PTSD killings must put military on alert
On Saturday night, a soldier of the Royal Thai Army (RTA), picked up an M-16 rifle in the headquarters of a ranger company in Pattani's Yaring district and opened fire, killing a soldier and a ranger. This was not an isolated incident.
On March 23, 2014, a soldier shot dead a colleague at an operational base in Yala's Muang district. On May 16, 2014, a ranger shot dead two of his officers and wounded a third on a base in Pattani's Sai Buri district. On May 28, 2014, a Royal Thai Navy sailor shot and wounded a colleague in Pattani. On Oct 12, 2014, a ranger shot dead two colleagues who were sleeping at their base and wounded another. On Oct 15, 2014, a ranger tried to shoot a colleague with whom he was drinking with, killing his five-year old daughter.
Three weeks later, a drunk ranger shot and killed three colleagues and wounded two more after an argument at a remote camp in Pattani's Nong Chik district. He tried to kill himself, but survived. On Dec 27, 2014, a soldier killed himself with his M-16 at a base in Pattani's Nong Chik district. On Dec 30, 2014, a ranger shot dead his sergeant at a roadblock in Pattani's Panare district, after an argument.
Since March 2014, there have been nine separate incidents in which a member of the Royal Thai Armed Forces or a ranger has turned their weapons on colleagues. In two cases, alcohol was a factor, but in all of the cases the real cause was post-traumatic stress disorder (PTSD). Five rangers, three RTA soldiers and a sailor have been implicated in these attacks that killed three soldiers, nine rangers, and a five-year-old girl. Five rangers and a sailor were also wounded in the attacks. One soldier committed suicide and one ranger attempted suicide.
To put it into perspective, between January 2014 and April 2015, only 12 soldiers and 39 rangers have been killed in the deep South. In other words, in the past 16 months, 25% and 23% of the casualties involving soldiers and rangers, respectively, have come at their own hands or at the hands of their colleagues. Of the 88 rangers wounded since January 2014, five — or 6% — have been wounded by colleagues.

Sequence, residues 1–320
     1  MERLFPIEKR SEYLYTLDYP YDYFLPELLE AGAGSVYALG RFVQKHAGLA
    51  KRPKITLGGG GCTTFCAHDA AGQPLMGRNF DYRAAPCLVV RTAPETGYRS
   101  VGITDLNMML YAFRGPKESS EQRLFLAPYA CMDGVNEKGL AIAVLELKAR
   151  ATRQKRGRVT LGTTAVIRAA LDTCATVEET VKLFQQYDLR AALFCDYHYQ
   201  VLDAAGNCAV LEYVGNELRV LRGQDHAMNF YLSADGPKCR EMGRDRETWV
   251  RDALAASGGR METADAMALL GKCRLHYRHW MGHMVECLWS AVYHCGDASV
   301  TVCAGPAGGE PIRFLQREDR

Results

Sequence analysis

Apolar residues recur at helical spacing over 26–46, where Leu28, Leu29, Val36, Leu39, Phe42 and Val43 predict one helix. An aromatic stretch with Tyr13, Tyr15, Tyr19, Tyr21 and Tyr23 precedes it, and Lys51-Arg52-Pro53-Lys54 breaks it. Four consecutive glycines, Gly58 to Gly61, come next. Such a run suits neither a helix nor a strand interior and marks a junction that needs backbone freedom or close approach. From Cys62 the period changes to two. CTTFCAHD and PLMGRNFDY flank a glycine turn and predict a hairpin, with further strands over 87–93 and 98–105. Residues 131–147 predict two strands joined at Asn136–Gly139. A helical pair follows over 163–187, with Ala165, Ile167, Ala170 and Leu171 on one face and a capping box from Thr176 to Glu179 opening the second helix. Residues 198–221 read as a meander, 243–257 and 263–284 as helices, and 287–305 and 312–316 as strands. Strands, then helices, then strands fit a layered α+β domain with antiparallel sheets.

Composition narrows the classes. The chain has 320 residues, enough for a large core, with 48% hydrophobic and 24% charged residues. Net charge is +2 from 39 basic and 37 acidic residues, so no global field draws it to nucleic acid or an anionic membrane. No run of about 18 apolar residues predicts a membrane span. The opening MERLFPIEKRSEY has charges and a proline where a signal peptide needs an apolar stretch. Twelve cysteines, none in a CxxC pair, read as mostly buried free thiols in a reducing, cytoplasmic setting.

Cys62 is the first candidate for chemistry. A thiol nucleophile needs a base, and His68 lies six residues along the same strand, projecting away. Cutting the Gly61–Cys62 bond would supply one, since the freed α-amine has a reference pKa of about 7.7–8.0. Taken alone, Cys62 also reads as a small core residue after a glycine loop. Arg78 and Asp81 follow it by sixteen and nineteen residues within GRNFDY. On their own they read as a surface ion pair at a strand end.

These numbers are indicative of more than just routine combat stress. In the US military, an estimated 11-20% of veterans of Afghanistan and Iraq have experienced PTSD, and today more service men and women die from suicide than combat related injuries. But the number of force-on-force casualty numbers is nowhere close to the rates seen in Thailand.
What's going on?
First, rangers comprised 56% of the perpetrators and 74% of the victims of these attacks. The RTA announced that it would withdraw five battalions of troops from the deep South, starting from April 2015.
Nearly 23,000 rangers were responsible for much of the static defence work in the region. But now they are increasingly doing offensive operations and active patrols.
Although their equipment has improved since 2004, they have less body armour, kevlar helmets, use old weapons, and have fewer armoured vehicles than their RTA counterparts.
On top of that, most rangers are recruits from the Northeast and are reviled by the local population for their alleged human rights abuses.